1766: Identification and Validation of the Genes That Define Abnormal Development of the Kidney in Dogs

Grant Status: Closed

Grant Amount: $25,000
Kerstin Lindblad-Toh, PhD; Broad Institute
January 1, 2013 - December 31, 2014

Sponsor(s): American Boxer Charitable Foundation, Borzoi Club of America, Irish Wolfhound Club of America, Inc., Orthopedic Foundation for Animals, Saluki Health Research, Inc.

Breed(s): Lhasa Apso, Soft Coated Wheaten Terrier, Shetland Sheepdog, Bernese Mountain Dog, Miniature Schnauzer, Tibetan Spaniel, Cairn Terrier, Bedlington Terrier, Boxer, Gordon Setter, Airedale Terrier
Research Program Area: Kidney & Urological Disease
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Abnormal development of the kidneys, known as Renal Dysplasia, occurs in many breeds of dogs as well as humans. An increased prevalence in certain breeds such as Boxers, Miniature Schnauzers, Bedlington Terriers, Lhasa Apsos, Shetland Sheepdogs, and Soft Coated Wheaten Terriers suggests a genetic influence. Identification of the genetic cause in dogs is essential as there is no treatment and affected dogs progress to renal failure and death at a young age. Despite prior candidate gene studies, the genetic cause of canine renal dysplasia in various breeds remains unclear. It is unknown if the same gene is affected in all breeds with renal dysplasia or if different genetic variants exist in each breed. In this study Dr. Lindblad-Toh will conduct genetic and functional studies to identify the causative mutation in Boxers. Her research group will also collect additional samples from Miniature Schnauzers, Bedlington Terriers, Lhasa Apsos, Shetland Sheepdogs, and Soft Coated Wheaten Terriers. Genome-wide association studies in Boxers and other breeds will help dissect the genetics of canine renal dysplasia, improve our understanding of renal development in dogs and humans, and determine whether breed specific genetic tests will be required for prevention.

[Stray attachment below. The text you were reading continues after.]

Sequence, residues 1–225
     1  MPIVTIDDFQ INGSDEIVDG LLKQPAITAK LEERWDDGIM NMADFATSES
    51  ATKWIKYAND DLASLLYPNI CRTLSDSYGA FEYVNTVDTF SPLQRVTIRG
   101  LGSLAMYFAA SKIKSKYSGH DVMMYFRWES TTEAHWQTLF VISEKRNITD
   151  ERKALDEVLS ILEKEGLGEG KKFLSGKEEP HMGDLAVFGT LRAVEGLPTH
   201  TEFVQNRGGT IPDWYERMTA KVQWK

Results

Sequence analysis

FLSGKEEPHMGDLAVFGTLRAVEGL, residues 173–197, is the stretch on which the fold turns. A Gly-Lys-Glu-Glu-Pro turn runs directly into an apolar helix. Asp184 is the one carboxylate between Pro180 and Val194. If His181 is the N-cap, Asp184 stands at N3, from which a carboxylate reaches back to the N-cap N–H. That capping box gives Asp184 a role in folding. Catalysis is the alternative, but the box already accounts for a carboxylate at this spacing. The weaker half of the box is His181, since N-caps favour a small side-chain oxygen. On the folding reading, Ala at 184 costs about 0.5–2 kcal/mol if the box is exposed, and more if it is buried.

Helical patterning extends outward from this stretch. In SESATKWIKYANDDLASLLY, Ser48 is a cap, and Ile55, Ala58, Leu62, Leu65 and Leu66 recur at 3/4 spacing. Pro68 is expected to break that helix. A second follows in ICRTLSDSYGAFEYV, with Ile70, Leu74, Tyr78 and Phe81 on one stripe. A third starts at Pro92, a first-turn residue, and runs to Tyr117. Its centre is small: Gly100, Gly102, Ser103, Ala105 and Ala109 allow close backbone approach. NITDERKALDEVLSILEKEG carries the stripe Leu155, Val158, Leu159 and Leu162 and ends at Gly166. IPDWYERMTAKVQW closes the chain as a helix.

None at this time.

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